G. B. BLACKROCK
#5 + 6 (The New Order, The Worse of Two Evils)
#8 + 9 (Repeat Performance, Dis-Integrated Circuits (Circuit Breaker's first appearance))
#11 + 12 (Brainstorm, Prime Time)
#14 + 15 (Rock and Roll-Out, I, Robot Master, tried to help Triple-I in these issues.)
#29 - 31 (Crater Critters, The Cure, Buster Witwicky and the Carwash of Doom)
#68 (The Human Factor, the formation of the Neo-Knights)
#71 - 80 (Surrender to End of the Road, with the Neo-Knights)
G. I.-Joe and Transformers
#2 + 3 (Power Struggle, Ashes to Ashes)
#93 (The Gift)
References to Blackrock and a photograph of him also appeared in UK issues #45 + 46 (Icarus Theory) courtesy of the paranoid Professor Peter Morris, who believed that Blackrock was the culprit behind the activities of the Transformers. Morris was obsessed with Blackrock until he realised that the Transformers were actually sentient aliens
"If you're going to do something, Prime, do it NOW -- and make it COUNT! All the progress I've made towards curing Circuit Breaker is gone! I bought you this chance -- with her sanity!" - G. B. telling Optimus Prime to get a move on and stop Unicron in issue #75.
None. However I can now reveal the origins of the name 'G. B. Blackrock' and tell you exactly what G. B. stands for! Woo! An exclusive to this site! Bob Budiansky has told me the following concerning the origins of the name 'G. B. Blackrock'.
"G. B. in G. B. Blackrock are the initials of a long-time friend of mine, Gary Bennett Schwartz. I had the artist (I think it was Don Perlin at the time) actually draw Blackrock to look like Gary. By the way, "Schwartz" is German for "Black". "Rock" was added just to give the name more of a mogul-feel, like "Rockefeller"."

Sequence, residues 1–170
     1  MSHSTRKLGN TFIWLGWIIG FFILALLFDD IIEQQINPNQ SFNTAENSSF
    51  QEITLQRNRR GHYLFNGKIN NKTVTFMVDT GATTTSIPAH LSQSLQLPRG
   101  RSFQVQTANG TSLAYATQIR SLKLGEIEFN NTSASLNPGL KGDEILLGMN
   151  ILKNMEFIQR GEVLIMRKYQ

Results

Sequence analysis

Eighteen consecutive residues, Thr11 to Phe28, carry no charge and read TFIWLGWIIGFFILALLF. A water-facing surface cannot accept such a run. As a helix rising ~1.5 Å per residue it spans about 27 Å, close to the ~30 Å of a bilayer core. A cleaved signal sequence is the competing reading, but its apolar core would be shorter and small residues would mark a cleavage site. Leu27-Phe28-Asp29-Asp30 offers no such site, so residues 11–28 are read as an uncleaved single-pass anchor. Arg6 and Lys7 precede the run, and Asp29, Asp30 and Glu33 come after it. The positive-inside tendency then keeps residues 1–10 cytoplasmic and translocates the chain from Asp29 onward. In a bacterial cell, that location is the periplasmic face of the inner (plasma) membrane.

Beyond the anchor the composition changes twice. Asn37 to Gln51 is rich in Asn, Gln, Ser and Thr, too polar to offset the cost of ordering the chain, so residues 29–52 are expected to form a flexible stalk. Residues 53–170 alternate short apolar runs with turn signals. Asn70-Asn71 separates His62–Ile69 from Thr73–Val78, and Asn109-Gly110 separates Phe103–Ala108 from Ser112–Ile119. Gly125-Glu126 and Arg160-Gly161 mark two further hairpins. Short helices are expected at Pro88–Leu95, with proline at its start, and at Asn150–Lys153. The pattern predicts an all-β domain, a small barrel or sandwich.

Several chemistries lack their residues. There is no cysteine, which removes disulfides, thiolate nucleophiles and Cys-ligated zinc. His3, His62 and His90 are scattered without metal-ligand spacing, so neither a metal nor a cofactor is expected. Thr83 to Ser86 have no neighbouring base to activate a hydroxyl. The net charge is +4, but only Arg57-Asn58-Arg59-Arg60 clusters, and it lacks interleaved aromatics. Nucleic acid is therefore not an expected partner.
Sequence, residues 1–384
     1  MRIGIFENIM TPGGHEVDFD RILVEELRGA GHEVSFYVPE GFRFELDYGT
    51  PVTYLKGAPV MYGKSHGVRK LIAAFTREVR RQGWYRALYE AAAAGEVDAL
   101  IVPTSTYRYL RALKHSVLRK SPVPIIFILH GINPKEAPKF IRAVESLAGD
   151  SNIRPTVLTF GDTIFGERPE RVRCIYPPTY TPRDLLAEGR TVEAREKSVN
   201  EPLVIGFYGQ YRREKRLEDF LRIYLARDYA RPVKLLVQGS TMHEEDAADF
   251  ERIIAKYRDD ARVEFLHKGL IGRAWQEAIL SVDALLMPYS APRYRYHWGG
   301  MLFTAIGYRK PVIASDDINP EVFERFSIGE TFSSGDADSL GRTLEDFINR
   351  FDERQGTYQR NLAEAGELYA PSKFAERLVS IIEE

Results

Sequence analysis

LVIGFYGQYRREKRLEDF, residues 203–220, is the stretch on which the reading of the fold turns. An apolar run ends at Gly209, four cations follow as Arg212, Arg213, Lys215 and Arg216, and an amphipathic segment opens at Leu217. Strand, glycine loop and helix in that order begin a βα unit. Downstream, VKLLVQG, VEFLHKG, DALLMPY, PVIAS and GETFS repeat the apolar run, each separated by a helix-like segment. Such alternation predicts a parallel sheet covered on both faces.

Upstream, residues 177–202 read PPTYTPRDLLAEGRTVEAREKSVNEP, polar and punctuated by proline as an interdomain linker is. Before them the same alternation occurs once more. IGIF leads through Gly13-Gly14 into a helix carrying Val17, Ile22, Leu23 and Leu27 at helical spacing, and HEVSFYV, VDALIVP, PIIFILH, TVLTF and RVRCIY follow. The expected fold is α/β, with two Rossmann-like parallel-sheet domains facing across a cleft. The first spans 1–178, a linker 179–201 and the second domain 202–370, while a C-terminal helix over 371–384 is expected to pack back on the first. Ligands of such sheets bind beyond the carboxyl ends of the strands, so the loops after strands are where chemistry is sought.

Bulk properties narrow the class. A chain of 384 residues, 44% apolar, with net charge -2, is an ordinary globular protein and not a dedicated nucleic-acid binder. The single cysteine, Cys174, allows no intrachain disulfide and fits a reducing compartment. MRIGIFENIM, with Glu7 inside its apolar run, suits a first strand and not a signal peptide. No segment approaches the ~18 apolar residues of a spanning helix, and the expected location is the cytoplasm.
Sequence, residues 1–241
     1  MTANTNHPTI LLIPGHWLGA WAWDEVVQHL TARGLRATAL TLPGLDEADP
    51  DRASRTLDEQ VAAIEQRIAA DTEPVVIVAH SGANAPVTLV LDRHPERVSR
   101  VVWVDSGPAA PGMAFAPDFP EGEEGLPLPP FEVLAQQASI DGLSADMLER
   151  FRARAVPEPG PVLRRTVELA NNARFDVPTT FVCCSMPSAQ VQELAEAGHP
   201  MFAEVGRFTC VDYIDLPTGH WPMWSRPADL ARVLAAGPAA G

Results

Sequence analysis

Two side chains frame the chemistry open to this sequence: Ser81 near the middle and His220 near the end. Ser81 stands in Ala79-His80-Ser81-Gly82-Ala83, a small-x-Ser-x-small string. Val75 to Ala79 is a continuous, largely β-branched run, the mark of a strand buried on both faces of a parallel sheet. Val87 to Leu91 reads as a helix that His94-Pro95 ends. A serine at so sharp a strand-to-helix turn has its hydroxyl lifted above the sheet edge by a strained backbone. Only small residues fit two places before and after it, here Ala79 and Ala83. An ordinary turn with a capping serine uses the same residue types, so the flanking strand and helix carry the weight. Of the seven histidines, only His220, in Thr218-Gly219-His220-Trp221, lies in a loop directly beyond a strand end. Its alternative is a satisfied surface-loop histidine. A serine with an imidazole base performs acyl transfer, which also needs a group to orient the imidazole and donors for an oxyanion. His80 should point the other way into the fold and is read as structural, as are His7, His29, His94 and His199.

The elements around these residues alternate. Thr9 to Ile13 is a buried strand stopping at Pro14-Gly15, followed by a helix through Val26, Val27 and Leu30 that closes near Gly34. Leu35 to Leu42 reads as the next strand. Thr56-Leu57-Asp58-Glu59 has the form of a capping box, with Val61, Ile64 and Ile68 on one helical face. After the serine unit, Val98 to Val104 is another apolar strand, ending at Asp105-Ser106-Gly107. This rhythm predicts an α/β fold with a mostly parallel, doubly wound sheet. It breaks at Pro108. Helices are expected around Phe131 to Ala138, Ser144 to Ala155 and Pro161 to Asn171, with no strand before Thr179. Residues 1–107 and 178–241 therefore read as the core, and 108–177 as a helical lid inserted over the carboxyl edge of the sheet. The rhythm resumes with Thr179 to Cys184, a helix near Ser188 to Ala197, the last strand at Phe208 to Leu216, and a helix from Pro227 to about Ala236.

Thanks go out to Bob Budiansky for this information! (For the record, the artist on Blackrock's first appearance was Alan Kupperberg. That was issue #5. Perlin didn't get to draw Blackrock until #15. This doesn't mean Perlin wasn't responsible for Blackrock's character design, but more than likely he wasn't.)
Blackrock originally seemed to have been introduced just to have a starring role in the 'Circuit Breaker' origin. However by the end of issue 9 of the comics it was clear that Blackrock had a much bigger role to play in the history of the Transformers.
Blackrock was one of those human characters who survived the arrival of the Headmasters and the changeover of writers on the US series. He couldn't survive the arrival of Generation 2 though, and never appeared in that comic. Blackrock was also one of a handful of US Fleshlings to appear in both the US and UK comic stories (Buster Witwicky, Circuit Breaker, RobotMaster and the head of Triple I are the others).